Tagged With window manager


Blogger Jeff Kelley prefers his windows take up specific areas of his screen, regardless of the monitor he's plugged his MacBook Pro into. His solution? An AppleScript that determines his screen size and arranges his windows appropriately. Whenever he wants to rearrange his desktop to those specifications, he just runs the script. Geek factor aside, the script can be easily modified to maximise your screen real estate to fit your tastes. Windows users have apps like WinSplit Revolution and Sizer, but if you've been looking for similar functionality for your Mac, Jeff's script is a good starting point.

Resize Your Windows Automatically for Different Resolutions

Predicting the future is near impossible -- but that doesn‘t stop us all from having a red hot go. Human beings have been predicting the future since the beginning of history and the results range from the hilarious to the downright uncanny.

One thing all future predictions have in common: they‘re rooted in our current understanding of how the world works. It‘s difficult to escape that mindset. We have no idea how technology will evolve, so our ideas are connected to the technology of today.


Windows only: Free customisation utility XNeat adds a few unique functions to the rich library of tweaking utilities, and some might become must-installs for Windows power-users. The most notable are the additions to the standard "Save As" dialog: an option to create a numbered "clone" file when you're about to save over an existing document (i.e. "Paper(1).doc"), and a time-stamping utility that adds numbered dates to filenames automatically. XNeat also lets you enable drag-and-drop taskbar re-ordering, giving you your preference of left-to-right app layout, and a full set of windows management tools, including transparency and system tray docking. XNeat is a free download for Windows XP and Vista only.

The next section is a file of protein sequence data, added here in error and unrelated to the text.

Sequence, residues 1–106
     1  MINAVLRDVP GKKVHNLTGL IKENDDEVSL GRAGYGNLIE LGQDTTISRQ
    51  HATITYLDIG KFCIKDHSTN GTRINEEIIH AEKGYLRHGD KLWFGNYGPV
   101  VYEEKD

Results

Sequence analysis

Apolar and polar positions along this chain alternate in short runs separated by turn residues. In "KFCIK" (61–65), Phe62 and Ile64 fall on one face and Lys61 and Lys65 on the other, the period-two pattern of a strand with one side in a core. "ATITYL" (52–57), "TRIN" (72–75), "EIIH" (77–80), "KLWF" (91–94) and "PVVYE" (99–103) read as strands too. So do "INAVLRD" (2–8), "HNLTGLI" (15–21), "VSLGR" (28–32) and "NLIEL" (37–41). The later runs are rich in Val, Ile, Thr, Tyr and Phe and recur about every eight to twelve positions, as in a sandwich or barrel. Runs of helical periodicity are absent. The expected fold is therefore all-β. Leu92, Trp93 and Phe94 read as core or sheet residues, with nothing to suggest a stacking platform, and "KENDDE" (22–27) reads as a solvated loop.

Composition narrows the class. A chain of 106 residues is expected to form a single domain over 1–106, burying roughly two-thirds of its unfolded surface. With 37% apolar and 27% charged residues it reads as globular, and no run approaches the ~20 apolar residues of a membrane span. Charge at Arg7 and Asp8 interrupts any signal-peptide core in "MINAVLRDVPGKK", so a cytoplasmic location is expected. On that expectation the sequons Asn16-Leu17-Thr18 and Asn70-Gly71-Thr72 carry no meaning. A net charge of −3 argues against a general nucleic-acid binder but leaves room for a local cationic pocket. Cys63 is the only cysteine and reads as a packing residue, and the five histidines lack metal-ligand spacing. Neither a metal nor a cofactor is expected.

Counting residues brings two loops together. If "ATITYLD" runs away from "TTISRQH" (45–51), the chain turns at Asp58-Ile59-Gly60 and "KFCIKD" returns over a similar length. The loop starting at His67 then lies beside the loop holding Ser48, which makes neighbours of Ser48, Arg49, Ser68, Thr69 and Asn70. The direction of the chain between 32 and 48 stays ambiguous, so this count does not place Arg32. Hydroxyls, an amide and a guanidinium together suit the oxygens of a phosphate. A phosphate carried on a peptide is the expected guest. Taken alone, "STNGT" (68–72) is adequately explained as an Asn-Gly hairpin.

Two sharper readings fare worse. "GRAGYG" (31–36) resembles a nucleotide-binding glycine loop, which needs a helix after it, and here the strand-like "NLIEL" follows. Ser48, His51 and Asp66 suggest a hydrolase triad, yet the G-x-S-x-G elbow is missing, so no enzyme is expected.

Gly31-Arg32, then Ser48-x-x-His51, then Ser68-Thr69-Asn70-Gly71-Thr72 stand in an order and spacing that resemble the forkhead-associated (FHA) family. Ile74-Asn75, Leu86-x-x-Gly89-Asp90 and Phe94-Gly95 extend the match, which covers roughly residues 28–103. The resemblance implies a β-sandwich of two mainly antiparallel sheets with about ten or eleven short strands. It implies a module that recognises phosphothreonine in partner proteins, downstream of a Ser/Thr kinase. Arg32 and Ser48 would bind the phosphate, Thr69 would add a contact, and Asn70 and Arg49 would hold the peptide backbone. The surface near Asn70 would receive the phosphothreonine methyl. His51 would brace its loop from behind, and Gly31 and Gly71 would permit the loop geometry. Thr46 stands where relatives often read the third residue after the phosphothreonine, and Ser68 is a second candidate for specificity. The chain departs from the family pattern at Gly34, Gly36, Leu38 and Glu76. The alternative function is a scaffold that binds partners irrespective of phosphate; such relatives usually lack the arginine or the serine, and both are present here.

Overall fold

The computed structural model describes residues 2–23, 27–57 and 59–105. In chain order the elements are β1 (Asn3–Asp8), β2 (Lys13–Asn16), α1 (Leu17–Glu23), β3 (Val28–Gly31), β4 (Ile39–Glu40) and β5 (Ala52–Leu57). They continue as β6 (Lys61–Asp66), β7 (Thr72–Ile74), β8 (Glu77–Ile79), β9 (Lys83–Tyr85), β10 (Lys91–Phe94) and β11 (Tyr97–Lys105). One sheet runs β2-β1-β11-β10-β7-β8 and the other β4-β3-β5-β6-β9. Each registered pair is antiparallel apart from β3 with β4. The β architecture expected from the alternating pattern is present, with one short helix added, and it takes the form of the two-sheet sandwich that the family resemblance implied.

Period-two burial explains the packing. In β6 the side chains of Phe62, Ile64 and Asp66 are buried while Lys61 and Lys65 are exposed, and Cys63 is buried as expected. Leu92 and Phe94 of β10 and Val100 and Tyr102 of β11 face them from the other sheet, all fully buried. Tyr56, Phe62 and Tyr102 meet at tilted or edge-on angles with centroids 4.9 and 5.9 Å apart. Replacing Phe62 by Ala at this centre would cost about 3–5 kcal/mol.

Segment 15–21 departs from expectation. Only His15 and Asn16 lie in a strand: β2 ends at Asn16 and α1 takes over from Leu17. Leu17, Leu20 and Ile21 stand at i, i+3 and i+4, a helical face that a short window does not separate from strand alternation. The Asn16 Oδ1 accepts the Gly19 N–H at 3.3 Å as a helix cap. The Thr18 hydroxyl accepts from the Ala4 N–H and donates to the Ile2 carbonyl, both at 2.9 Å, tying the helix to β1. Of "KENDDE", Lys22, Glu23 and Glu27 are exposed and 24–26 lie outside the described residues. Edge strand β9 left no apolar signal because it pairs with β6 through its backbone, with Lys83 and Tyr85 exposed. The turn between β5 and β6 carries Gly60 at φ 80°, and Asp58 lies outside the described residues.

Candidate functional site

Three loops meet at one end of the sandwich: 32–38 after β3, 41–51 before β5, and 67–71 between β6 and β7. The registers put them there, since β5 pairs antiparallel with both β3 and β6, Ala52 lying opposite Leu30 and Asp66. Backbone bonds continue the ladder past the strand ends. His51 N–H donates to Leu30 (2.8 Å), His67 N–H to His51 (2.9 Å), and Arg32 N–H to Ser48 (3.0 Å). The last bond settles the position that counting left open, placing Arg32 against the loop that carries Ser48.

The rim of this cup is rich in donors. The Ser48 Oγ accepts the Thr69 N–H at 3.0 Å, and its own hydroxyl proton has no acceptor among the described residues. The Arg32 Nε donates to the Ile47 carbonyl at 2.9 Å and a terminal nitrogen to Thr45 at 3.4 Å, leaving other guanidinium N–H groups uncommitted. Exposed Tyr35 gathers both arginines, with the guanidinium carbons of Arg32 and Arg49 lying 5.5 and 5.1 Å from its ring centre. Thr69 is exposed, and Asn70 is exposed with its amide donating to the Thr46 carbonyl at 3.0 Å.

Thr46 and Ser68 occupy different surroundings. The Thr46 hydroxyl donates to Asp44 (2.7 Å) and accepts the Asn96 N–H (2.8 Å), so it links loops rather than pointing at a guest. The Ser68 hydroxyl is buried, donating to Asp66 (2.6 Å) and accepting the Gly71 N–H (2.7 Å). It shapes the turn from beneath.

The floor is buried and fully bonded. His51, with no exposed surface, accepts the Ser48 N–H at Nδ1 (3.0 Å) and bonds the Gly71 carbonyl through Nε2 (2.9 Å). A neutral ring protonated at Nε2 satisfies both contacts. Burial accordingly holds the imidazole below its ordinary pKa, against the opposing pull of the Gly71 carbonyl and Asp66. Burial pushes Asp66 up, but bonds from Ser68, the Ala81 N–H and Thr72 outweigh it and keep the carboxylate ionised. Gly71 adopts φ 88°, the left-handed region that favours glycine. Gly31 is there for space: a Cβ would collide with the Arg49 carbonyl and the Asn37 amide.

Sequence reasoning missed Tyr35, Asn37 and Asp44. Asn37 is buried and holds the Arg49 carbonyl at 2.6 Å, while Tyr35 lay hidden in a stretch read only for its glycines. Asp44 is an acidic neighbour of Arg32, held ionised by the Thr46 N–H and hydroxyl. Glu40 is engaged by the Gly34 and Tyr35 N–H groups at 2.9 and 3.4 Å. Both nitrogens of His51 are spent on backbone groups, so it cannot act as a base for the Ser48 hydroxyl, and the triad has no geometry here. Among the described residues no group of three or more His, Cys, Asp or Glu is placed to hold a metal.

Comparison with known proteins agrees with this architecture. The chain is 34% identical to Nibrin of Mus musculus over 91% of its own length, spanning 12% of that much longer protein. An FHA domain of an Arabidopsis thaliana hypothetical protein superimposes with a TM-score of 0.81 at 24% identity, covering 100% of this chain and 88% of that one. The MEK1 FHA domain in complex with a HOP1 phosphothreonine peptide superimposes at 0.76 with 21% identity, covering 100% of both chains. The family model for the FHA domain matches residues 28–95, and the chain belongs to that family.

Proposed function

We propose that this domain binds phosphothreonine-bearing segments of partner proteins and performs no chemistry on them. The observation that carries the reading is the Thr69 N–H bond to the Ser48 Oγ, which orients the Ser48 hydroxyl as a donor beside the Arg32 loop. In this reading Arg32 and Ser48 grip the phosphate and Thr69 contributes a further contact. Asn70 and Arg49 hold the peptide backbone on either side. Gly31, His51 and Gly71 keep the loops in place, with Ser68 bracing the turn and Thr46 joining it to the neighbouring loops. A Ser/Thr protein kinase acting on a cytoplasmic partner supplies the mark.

How-to blog Tech-Recipes.com offers a useful desktop optimisng tip for Ubuntu/GNOME newcomers (and those of us who forgot it was there). The bottom taskbar installed in Ubuntu and most GNOME-based desktops can group application windows together in a fashion similar to XP. To make it do so, right-click on the dotted section just to the left of your "Windows List" section (in Ubuntu, that's between the "Show Desktop" button and the window buttons). Select "Preferences," and then choose either "Group windows when space is limited" or "Always group windows." Nifty tip, and not so easy to find.

Ubuntu: Enable Window Grouping on the Windows List


Windows only: Freeware application AutoSizer automatically resizes and moves application windows to specific, user-defined sizes and screen locations as soon as they're opened. That means that if you've got a widescreen monitor with the perfect window layout that packs every last pixel with useful information, you can save each window size and location with AutoSizer and restore the perfect layout automatically, day after day, as soon as you launch the applications. Alternately, if you'd prefer an application to open maximised or minimised, AutoSizer can take care of that, too. AutoSizer is freeware, Windows only. For similar but manual takes on screen real estate maximisation, check out Sizer and WinSplit Revolution.